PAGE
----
State-funded education should mean children have a reasonable opportunity of choosing where they go to school, rather than their religion belief being the determinant, says CLA’s Richard Griggs.

CLA joins call for freedom of choice

Tasmania’s Legislative Council is being asked to reject a new law to allow religious schools greater powers to exclude children of different faiths.

The lower house of the Tasmanian Parliament has already approved the changes to the Anti-discrimation Act which would allow schools to consider a child’s religion when making enrolment decisions.

“Religious freedom is a fundamental civil liberty but it does not extend to excluding children from enrolling at publicly-funded schools because of their religion,” said Richard Griggs, Tasmanian Director of Civil Liberties Australia.

“Instead of increasing religious freedom, as the government intends, the laws will actually do the opposite and see students turned away from schools because of their religion,” Mr Griggs said.

Photo: Terry Polglase, Tasmanian President – Australian Education Union; parent Deirdre Murray and daughter Ella; Richard Griggs, Tasmanian Director of Civil Liberties Australia;
Photo: Terry Polglase, Tasmanian President – Australian Education Union; parent Deirdre Murray and daughter Ella; Richard Griggs, Tasmanian Director of Civil Liberties Australia;

A parent with a child in the system, Deirdre Murray,said: “Our Tasmanian Government should be confronting prejudice in education, not promoting it. In the interest of fairness all students deserve equal consideration when choosing a school.”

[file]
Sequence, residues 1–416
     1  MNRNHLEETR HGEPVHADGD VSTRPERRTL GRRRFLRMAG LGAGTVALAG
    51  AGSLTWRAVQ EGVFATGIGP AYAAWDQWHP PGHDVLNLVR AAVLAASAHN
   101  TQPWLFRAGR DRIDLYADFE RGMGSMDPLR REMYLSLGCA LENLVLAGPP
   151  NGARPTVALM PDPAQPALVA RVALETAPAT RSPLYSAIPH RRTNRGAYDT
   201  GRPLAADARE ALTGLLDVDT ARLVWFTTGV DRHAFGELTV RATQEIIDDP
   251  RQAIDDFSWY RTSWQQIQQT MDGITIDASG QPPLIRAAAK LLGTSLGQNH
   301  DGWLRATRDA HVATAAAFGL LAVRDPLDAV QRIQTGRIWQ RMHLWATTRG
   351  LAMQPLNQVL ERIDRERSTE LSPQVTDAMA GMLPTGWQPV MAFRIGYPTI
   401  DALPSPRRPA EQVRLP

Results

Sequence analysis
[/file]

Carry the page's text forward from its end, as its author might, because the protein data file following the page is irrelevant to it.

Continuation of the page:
“The argument that Tasmania needs to fall into line with other states is a cop-out,” said Terry Polglase, Tasmanian President of the Australian Education Union. “Our state should lead on this issue, stand firm, and send a clear message to the nation that Tasmanians believe in choice of school for families.

“Giving publicly funded religious and independent schools more power to choose who they enrol will not lead to improved educational outcomes for our state’s children.The amendment needs to be rejected by the Upper House and Tasmania should lead on this issue,” he said.

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One Comment

  1. How you call yourselves a civil liberties organisation, I’ll never know.
    You have not even addressed the treatment of one of our most fundamental freedoms -and one that is the most relevant in this particular case- that of freedom of association.
    By denying religious schools the ability to select for those students who hold the same beliefs as they do, you are violating their freedom to associate with those people whom they choose, and instead forcing them to associate with people that they otherwise wouldn’t, by threat of heavy financial penalty.
    This will not reduce religious freedom as claimed, because religious freedom in the western tradition has only been understood as a limit on state power. As mandated in our constitution, the government cannot ban a religion, but nowhere does it say that a catholic baker has to serve a protestant customer.
    The call to “fairness” (as defined by a select few) I feel is being increasingly used as an excuse to erode traditional freedoms, such as freedom of association.
    I had expected that an organisation with a name like yours to realise that “fairness” is not a right. And to be at the forefront of protecting such traditional freedoms as that of association.

    Kyle Crane

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